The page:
Brainstorming is a 15 minute podcast of a conversation on brainstorming between Anne Miller and Ieva Martinaityte, Creativity Researcher at the University of East Anglia. It discusses the brainstorming rules, the role of the facilitator and various tools and techniques you can use to achieve a good result.
It should be very useful if you need to facilitate a creative workshop.
This is a fictional scenario, but everything described is a plausible possibility, particularly in the light of President Trump’s election in the USA. It is not a prediction (the future is too unpredictable for that) but aims to stimulate creative thinking by policy makers, business and NGOs. Continue reading A post-Trumpian cautionary scenario
As I write, it’s been a good month for global environmental agreements. First, the Paris Agreement was ratified and so entered into force on 4 November 2016. Although some environmentalists will rightly say that it’s currently inadequate, it is an extremely significant step forward. This is because it’s setting a very clear signal about the direction of travel, and smart businesses are very good at responding to this. Trillions of $ of investment are starting to flow in new directions, and many companies are investing for the new reality, significantly ahead of governments and regulators. Continue reading Cool technology
Probably the best known ideation technique of all is brainstorming. In this, a group of around 6-12 people get together to develop new ideas, guided by a facilitator and a few basic rules. These rules can be summarised as
- build on previous ideas,
- encourage wild ideas,
- go for quantity,
- no negativity.
Continue reading To brainstorm, or not to brainstorm?
The world can seem an uncertain, dangerous place at the moment. As I write, the consequences of the Brexit vote are still uncertain in a wide range of fields. The Labour party is in turmoil, Syria is in rather worse turmoil, terrorism continues, climate change continues, and we look with incredulity at the prospect of a Trump presidency. Continue reading Voyaging into an uncertain future.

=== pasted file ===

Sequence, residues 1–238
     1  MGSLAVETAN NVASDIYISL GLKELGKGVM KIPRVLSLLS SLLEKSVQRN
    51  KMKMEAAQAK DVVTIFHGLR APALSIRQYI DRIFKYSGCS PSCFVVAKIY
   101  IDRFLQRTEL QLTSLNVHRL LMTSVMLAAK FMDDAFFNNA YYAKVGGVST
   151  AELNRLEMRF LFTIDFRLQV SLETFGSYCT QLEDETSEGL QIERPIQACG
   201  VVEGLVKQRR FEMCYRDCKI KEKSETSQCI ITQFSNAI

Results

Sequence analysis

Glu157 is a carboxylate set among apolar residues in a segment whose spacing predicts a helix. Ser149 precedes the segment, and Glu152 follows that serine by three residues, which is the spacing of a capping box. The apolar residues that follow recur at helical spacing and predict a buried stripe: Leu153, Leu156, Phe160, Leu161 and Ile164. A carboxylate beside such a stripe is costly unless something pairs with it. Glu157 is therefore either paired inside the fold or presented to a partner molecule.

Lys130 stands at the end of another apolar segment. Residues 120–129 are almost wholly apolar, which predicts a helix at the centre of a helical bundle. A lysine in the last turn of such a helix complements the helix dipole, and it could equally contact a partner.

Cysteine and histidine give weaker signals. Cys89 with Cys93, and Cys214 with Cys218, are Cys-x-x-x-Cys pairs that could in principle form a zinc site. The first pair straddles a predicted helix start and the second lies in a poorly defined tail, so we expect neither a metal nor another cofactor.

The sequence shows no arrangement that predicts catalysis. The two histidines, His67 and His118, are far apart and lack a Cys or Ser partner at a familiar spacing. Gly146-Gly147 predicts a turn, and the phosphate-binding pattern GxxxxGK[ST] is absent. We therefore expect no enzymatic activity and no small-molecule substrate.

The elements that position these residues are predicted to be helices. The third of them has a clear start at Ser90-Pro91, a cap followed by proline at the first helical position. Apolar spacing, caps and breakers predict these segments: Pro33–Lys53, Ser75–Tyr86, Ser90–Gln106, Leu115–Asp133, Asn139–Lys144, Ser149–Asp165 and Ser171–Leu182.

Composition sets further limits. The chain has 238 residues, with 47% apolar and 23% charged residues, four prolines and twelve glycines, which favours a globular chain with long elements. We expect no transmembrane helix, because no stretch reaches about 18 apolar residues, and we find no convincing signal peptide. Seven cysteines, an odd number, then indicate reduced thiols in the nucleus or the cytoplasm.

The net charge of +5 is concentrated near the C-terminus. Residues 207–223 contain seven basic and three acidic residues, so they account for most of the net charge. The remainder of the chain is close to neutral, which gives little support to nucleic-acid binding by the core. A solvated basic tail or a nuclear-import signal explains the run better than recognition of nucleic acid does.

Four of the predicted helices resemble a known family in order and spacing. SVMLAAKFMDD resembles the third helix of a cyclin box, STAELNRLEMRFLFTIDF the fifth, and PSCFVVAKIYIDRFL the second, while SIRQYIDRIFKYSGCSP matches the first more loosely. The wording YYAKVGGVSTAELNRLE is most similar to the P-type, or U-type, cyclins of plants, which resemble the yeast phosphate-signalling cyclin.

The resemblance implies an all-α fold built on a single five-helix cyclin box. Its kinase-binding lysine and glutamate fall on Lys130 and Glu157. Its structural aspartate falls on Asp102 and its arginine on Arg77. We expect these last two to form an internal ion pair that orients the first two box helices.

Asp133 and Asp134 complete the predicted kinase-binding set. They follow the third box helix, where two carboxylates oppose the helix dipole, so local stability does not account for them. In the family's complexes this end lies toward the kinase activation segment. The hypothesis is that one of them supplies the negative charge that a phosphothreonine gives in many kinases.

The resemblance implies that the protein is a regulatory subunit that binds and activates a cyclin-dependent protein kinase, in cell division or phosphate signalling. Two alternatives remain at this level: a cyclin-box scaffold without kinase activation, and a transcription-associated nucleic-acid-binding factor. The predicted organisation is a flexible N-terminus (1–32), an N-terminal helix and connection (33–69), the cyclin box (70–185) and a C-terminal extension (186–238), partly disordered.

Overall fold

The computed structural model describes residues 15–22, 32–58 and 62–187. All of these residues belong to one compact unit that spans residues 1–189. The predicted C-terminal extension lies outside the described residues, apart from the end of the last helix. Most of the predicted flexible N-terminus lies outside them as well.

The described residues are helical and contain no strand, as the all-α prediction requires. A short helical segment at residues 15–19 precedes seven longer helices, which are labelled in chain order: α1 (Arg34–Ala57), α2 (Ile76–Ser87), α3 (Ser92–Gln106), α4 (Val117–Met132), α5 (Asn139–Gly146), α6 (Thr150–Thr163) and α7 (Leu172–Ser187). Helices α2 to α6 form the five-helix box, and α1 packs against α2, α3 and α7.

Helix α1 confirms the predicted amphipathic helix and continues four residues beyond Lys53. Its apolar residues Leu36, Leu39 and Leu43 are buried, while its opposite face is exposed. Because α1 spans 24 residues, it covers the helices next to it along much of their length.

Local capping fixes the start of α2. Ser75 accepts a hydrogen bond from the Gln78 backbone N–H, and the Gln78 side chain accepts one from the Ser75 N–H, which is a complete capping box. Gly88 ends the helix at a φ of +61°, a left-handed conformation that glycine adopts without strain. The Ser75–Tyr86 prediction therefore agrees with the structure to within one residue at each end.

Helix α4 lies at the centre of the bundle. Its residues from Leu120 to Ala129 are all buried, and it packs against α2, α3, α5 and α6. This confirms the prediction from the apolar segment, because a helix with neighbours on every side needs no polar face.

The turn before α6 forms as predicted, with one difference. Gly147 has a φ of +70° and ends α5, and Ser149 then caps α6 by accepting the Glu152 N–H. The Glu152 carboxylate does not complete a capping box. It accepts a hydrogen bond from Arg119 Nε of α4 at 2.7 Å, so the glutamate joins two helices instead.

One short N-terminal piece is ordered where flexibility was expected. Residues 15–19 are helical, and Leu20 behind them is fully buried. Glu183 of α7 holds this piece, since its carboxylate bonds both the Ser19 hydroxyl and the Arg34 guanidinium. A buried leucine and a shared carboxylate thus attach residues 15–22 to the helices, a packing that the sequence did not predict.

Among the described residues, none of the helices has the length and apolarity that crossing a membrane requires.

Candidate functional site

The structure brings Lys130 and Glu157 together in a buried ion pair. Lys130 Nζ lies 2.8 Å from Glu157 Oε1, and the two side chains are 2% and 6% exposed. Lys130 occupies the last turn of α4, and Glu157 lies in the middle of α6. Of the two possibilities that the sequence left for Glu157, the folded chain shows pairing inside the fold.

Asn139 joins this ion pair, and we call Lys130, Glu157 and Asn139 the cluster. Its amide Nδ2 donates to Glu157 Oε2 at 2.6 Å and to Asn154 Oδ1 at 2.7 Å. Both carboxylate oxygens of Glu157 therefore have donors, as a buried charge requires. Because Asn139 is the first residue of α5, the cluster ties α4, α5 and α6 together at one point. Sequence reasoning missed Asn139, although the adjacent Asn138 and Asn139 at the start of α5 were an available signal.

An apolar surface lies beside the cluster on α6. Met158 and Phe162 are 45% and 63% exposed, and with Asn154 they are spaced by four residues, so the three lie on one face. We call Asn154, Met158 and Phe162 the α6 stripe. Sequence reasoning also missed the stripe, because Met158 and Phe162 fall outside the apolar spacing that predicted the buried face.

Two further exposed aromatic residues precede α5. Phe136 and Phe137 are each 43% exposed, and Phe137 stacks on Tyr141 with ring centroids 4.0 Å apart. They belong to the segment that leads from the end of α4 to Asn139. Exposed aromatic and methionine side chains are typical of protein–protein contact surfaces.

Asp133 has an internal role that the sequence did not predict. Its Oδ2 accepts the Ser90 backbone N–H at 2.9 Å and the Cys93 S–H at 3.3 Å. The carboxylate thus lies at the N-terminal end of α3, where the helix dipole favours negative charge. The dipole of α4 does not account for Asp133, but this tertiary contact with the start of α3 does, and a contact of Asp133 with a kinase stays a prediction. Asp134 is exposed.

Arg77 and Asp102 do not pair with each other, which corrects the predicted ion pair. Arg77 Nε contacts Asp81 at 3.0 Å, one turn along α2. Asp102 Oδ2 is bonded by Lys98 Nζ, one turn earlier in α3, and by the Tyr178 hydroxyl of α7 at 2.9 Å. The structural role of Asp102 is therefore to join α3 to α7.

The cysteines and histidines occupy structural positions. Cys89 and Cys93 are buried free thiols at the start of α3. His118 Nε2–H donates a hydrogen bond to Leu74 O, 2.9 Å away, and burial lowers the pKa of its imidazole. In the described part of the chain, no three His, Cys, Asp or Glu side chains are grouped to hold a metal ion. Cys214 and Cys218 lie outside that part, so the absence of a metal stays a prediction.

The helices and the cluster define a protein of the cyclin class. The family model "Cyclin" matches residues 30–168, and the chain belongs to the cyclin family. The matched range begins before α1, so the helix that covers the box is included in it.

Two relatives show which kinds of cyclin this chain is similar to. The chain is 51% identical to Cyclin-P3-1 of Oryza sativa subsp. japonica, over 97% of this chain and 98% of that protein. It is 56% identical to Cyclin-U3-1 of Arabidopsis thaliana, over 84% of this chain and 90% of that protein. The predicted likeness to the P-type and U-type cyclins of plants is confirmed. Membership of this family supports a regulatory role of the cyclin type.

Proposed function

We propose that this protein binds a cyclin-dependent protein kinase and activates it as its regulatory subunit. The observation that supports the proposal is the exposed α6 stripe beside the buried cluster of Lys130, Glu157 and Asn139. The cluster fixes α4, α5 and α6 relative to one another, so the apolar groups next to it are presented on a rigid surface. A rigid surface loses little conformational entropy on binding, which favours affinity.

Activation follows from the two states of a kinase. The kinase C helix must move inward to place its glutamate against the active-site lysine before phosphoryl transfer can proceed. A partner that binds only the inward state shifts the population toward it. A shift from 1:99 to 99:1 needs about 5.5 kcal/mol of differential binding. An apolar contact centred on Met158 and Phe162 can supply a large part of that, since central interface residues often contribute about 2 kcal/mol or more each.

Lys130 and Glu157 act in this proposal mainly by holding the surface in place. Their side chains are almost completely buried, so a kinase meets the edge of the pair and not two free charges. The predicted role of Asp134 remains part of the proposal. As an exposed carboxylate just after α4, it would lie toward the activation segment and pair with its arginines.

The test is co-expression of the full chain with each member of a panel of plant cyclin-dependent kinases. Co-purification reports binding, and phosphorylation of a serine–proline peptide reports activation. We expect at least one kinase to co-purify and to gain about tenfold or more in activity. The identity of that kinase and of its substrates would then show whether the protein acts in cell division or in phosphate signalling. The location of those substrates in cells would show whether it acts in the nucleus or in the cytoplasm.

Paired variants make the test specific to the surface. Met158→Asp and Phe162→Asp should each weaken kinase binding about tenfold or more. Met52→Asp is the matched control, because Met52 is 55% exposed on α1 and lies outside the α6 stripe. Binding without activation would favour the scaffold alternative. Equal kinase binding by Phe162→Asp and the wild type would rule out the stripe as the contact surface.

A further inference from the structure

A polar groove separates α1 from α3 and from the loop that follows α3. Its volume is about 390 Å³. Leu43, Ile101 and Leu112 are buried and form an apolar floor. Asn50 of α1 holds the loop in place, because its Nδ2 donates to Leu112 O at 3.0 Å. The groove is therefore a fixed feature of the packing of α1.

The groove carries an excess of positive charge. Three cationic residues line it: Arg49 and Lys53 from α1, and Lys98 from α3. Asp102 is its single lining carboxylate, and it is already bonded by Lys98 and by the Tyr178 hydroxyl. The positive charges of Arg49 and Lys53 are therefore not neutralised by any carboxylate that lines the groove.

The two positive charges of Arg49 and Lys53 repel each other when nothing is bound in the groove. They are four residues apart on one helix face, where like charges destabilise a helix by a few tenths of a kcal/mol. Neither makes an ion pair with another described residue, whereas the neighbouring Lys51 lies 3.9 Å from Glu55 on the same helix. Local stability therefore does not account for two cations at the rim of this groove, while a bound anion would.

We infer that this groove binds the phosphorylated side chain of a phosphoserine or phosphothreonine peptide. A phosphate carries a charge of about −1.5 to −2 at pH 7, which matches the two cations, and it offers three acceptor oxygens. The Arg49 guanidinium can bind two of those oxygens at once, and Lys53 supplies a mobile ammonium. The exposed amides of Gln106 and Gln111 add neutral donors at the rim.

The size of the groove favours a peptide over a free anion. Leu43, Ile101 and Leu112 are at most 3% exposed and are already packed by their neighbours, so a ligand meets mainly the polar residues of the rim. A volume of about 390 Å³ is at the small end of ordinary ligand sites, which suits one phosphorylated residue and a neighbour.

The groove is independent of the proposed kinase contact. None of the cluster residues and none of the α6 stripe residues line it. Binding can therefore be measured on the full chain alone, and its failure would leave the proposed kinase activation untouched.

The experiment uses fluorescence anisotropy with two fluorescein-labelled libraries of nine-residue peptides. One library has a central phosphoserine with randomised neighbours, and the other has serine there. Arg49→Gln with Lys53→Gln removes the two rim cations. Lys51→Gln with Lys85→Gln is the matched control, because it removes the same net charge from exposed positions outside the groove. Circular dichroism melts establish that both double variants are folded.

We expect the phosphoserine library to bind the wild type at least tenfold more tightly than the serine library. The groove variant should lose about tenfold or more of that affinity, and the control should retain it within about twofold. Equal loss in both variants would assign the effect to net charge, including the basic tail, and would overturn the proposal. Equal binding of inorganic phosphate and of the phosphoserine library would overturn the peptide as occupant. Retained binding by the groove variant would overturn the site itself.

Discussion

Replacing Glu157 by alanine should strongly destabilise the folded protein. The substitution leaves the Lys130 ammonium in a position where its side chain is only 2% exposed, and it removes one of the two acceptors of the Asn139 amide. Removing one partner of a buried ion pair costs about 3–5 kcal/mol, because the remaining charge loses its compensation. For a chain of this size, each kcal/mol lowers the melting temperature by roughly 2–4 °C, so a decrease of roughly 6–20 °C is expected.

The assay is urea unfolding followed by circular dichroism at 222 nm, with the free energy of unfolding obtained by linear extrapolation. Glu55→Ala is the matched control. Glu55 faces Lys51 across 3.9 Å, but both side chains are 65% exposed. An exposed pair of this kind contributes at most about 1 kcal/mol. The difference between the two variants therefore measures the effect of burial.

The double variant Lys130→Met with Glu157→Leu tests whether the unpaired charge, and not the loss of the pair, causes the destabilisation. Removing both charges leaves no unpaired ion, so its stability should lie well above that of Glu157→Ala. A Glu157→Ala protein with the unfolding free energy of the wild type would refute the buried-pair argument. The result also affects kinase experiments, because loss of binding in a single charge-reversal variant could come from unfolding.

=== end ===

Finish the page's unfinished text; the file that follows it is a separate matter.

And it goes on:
I often wonder how much energy is wasted in the UK for no benefit whatsoever.
About a month ago, after we’d had a few plumbing jobs done, we noticed that our Combie boiler was turning itself on every time we used a cold tap. Or more precisely, the boiler turned itself on briefly, a few seconds after we turned a cold tap off. Continue reading Fixing combie boilers that fire up when the cold tap is used.
Given the recent political turmoil, with Brexit, terrorist outrages and leadership elections all over the place, it’s easy to feel unsettled. This sense of unease can have knock-on consequences on our ability to be creative and come up with new ideas, even in the nominally separate world of R&D. Continue reading Creativity in times of uncertainty
Whatever happens as a result of the current political turmoil, we’ll have to work together and be creative if we’re to solve the problems ahead of us.
I believe that an underlying problem is that over the last few decades, particularly in the English-speaking world, we’ve developed a box ticking culture in many of our institutions which involves a cycle of lack of trust, fear, risk aversion and micromanagement. This plays out in our political systems, our education system, our healthcare systems, our banks and many corporations. It is damaging creativity, and making it increasingly impossible for leaders to lead. Continue reading Breaking the cycle of distrust
The vote to leave the EU is disappointing, but it’s the clear democratic voice of the UK, so we’ll have to do it. The next few years are going to be a time of huge turmoil, and there will be major changes.
However it’s clear that for many, the vote is a cry of pain, rather than something that has been carefully thought through. This means we need to look at how to ensure that Brexit is done in a way that addresses the root causes of the distress, rather than making it worse.
I believe that those of us that care about peace, justice and a healthy environment should urgently articulate an inspiring progressive vision for an independent Britain. Continue reading Building a better Britain
Ask who invented the light bulb, and most people will say “Edison”
He didn’t of course, but I always think the story of the multiple inventors of the light bulb sheds some interesting light on the distributed way that innovation really happens: The person that gets the credit is very seldom the sole contributor, and it all takes a lot longer than people think. Continue reading Invent a better light bulb